- Engine misfire
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    Thread: Engine misfire

    1. 07-30-2019 12:28 PM #1
      I have a 1.8L Jetta engine 1986 in a 79 Westfalia. This thing is a rocket and fuel comsumption is way better than the original, and also I could cruise at 120 km/h or 75mph which is impossible with the original engine. It could do that... when it works!

      It’s been 2 years that I try to resolve an issue.
      At first, we got misfires during uphills but it wasn’t too bad. From last year, I noticed that when the engine is hot and the outside temperature is hot as well it would do it in uphill and also sometimes on a flat surface.
      But this year, it is strange, on hot days it is horrible even on a flat surface, but after 30 minutes driving. It’s as if the engine would like to stall for a split second and then is alive again, no back fires. And this year it does this when the engine is cold at low RPM before hitting the highway.
      I even had to stop for 30 minutes when we reached the peak of a mountain in Vermont as I could not pass 60 km/h or 35 mph, it did not have any more power.

      It has been sent to 2 garages for the last 2 years.
      What has been changed:
      - Fuel pressure regulator
      - distributor
      - knock sensor
      - ignition coil
      - fuel filter (fuel was draining very well from the tank so no blockage up there)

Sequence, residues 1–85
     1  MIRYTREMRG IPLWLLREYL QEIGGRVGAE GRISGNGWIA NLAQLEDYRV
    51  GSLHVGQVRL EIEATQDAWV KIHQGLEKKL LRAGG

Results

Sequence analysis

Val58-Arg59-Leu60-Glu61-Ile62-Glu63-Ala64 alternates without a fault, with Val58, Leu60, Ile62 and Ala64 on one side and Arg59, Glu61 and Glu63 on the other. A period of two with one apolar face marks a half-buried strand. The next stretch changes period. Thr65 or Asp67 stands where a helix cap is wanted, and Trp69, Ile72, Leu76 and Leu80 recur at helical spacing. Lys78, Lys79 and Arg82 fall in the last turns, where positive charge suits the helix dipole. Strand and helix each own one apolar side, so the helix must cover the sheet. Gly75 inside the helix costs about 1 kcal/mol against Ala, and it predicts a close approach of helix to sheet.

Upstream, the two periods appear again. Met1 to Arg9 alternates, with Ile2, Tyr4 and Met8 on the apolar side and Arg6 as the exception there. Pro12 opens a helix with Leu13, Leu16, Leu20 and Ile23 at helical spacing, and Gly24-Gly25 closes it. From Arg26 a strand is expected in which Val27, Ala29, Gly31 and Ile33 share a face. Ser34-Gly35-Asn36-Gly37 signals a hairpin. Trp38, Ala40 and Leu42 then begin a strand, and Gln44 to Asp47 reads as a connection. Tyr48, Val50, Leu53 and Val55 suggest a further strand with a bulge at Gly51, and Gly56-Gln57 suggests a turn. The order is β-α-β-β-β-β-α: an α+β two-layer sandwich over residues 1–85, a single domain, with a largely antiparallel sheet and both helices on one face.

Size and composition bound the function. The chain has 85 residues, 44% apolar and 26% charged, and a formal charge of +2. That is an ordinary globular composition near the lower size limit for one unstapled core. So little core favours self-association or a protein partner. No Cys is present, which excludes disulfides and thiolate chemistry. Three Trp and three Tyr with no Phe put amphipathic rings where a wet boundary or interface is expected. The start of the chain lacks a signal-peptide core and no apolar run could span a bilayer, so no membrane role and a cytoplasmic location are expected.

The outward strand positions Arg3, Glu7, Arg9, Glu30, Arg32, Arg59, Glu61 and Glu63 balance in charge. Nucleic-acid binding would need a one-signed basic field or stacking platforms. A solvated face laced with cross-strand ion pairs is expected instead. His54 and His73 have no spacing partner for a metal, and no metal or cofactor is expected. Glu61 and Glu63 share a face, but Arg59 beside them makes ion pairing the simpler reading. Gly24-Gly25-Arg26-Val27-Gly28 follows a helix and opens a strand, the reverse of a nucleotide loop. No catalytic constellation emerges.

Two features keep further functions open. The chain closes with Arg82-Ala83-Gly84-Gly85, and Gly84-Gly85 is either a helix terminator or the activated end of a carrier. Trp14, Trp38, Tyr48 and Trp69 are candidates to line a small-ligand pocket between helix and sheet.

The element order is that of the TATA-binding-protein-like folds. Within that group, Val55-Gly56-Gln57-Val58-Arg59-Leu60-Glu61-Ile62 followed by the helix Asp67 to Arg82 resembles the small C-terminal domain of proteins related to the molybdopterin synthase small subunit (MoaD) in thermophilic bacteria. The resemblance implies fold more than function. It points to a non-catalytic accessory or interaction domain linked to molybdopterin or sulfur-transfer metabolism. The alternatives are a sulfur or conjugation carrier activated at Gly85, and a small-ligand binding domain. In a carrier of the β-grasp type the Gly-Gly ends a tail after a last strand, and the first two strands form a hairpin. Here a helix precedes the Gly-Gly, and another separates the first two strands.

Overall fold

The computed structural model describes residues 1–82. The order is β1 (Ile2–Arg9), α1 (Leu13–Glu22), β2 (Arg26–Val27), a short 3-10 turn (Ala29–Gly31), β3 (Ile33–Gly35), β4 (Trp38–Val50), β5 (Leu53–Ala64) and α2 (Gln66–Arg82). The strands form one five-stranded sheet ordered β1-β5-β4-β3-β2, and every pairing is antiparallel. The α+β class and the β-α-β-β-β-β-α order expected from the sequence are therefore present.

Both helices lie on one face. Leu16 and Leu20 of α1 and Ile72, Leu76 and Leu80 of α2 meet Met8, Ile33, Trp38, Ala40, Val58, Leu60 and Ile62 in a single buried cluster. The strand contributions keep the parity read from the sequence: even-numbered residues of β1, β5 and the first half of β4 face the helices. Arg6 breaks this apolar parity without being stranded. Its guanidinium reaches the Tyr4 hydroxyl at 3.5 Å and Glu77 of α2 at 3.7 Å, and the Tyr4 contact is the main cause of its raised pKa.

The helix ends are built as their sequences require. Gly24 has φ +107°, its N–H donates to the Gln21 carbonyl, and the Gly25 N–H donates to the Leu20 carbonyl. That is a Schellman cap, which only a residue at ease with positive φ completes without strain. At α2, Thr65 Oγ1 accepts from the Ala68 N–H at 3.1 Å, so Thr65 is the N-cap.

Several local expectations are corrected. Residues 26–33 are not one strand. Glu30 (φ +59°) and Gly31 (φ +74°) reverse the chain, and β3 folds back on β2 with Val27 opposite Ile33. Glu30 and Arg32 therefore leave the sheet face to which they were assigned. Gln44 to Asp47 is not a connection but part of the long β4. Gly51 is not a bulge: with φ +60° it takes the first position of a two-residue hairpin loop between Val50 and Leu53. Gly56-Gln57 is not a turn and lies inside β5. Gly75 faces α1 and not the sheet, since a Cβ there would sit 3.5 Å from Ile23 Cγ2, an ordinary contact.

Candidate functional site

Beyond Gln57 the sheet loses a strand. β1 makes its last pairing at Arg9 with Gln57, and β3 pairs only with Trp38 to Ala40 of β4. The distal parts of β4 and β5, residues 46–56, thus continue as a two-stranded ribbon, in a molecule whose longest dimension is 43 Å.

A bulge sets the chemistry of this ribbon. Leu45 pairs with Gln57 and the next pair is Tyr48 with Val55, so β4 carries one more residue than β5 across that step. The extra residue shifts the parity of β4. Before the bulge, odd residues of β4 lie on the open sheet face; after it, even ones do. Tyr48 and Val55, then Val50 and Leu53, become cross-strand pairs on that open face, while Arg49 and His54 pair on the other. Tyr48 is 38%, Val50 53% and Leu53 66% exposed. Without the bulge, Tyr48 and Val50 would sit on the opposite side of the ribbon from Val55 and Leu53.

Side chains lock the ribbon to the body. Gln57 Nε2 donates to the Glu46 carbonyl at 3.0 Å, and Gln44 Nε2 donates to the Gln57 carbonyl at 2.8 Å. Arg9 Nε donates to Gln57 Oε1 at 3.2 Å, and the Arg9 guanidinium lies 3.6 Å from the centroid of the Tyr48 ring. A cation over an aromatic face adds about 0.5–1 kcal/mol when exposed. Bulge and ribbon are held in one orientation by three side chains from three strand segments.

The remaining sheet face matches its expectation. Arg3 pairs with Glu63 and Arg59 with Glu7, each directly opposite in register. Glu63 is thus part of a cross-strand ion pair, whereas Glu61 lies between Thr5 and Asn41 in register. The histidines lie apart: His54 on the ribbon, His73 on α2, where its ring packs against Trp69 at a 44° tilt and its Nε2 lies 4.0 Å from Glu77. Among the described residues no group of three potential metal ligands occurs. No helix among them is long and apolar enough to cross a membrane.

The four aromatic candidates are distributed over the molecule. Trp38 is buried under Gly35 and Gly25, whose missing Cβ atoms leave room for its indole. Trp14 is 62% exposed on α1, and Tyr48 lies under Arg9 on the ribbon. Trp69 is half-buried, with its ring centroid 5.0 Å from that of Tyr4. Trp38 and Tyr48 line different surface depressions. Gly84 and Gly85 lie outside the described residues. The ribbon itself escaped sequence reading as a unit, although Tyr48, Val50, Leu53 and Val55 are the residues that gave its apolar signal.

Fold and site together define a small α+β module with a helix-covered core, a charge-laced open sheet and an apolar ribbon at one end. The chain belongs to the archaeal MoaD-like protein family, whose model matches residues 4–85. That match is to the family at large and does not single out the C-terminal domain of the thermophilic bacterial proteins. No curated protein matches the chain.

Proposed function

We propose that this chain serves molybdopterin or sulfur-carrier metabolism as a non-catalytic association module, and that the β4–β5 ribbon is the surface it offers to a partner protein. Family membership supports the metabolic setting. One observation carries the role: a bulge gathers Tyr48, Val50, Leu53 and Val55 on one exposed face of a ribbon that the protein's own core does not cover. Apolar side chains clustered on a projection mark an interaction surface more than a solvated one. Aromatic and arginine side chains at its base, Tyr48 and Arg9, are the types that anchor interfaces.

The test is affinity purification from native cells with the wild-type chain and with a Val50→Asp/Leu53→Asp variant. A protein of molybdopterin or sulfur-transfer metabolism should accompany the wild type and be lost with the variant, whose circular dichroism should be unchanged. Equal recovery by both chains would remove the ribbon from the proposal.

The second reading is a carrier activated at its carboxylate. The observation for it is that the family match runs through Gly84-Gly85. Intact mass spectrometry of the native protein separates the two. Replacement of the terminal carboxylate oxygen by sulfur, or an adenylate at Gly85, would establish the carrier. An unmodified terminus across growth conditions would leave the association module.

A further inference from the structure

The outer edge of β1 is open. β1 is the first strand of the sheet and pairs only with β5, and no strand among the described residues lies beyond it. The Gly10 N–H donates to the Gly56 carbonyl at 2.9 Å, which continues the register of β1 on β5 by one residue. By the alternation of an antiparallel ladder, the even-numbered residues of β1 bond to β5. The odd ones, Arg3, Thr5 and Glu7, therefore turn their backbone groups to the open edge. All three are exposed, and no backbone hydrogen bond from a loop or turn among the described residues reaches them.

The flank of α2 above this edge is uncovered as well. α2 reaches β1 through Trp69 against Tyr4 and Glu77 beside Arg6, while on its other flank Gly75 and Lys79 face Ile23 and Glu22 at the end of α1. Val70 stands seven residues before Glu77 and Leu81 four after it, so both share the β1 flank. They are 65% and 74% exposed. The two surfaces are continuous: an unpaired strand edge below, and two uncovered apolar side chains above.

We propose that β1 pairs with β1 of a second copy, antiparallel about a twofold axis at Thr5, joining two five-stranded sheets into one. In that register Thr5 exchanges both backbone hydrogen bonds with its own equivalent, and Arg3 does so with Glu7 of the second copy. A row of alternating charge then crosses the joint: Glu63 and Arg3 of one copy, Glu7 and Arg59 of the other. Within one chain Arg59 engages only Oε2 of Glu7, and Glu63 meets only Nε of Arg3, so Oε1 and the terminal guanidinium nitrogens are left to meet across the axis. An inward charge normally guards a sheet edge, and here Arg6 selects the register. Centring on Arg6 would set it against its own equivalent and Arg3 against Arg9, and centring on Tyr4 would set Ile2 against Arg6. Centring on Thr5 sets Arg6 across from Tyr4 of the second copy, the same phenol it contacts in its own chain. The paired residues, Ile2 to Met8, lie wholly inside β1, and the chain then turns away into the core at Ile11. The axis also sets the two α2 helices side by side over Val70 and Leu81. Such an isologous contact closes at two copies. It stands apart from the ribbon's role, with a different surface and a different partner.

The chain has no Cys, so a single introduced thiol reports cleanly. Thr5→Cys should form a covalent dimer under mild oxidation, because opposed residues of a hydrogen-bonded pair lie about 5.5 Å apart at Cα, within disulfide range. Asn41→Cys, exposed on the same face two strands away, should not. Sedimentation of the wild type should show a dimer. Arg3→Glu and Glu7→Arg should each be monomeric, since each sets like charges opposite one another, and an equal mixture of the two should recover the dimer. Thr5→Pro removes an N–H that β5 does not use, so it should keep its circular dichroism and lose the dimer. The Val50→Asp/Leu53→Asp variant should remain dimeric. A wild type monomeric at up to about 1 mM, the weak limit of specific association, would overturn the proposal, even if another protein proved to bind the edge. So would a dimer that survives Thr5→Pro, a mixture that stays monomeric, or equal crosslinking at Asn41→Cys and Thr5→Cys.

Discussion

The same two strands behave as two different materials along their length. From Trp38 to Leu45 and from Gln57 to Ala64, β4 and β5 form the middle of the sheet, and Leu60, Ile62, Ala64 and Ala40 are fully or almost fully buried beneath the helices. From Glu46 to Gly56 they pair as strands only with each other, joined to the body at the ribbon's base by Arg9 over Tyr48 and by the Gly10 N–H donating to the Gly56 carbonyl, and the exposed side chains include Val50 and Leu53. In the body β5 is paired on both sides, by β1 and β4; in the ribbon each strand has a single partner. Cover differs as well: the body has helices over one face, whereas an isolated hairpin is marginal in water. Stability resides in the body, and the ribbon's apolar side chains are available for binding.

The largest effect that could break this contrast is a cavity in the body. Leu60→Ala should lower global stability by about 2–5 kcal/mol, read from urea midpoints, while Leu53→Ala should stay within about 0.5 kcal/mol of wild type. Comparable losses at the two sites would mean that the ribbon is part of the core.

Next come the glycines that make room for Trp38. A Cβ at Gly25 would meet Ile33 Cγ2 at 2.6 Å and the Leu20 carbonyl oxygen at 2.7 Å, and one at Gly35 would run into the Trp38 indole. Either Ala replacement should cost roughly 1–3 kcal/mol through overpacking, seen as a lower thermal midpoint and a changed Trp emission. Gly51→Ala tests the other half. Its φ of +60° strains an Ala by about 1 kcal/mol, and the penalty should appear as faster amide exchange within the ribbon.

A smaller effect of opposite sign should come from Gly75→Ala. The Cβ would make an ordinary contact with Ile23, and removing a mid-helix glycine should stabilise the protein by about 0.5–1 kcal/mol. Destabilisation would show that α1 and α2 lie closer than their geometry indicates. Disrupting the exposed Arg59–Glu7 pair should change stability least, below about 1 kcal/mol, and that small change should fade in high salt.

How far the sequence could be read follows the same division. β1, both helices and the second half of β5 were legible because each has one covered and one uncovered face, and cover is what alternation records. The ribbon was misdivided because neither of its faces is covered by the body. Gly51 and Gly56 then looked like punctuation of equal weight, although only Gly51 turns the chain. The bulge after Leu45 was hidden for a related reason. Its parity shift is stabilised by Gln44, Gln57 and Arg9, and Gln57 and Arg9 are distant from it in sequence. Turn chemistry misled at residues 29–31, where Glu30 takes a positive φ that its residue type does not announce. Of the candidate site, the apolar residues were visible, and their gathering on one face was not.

And air filter cleaned (K&N nose cone)

      I am completely lost, as I do not know where to search now. Wife is hating the Westfalia 😂
      The fuel pump doesn’t do any freaking noise, and I hear it well before starting the engine.
      Could it be a fuel injector problem or an ECU problem?

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    3. 07-30-2019 04:05 PM #2
      I think what you need is a running fuel pressure test.

    4. Member
      Join Date
      Aug 23rd, 2011
      1979 Mk1 Scirocco
      08-21-2019 02:11 PM #3
      I assume you have CIS
      Sounds like you are having fuel pressure issues causing lean conditions. Check that your timing is correct too as this could make a poorly tuned system worse.

      Check the WUR is working correctly, that is done in a fuel system check procedure.
      Then check that the air fuel adjustment is correct.
      You will need the chiltons manual and a way to read your co readings from the tail pipe. if you have a narrow band O2 sensor (CISE?), you can read it with a voltmeter to see if you are close at idle.

      Harbor freight sells a master fuel pressure kit that has the correct fittings.
      If not a old VW shop that understands CIS should be able to check system pressures for you.

      Did you check any of this when the engine swap was done?
      The system should have been tuned to the bigger motor.

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    6. 08-21-2019 11:32 PM #4
      something loose in the tank?

    7. 08-28-2019 12:08 PM #5
      Look at this site and see if it applies to your transplanted engine. It worked for my '89 cabriolet 1.8L.

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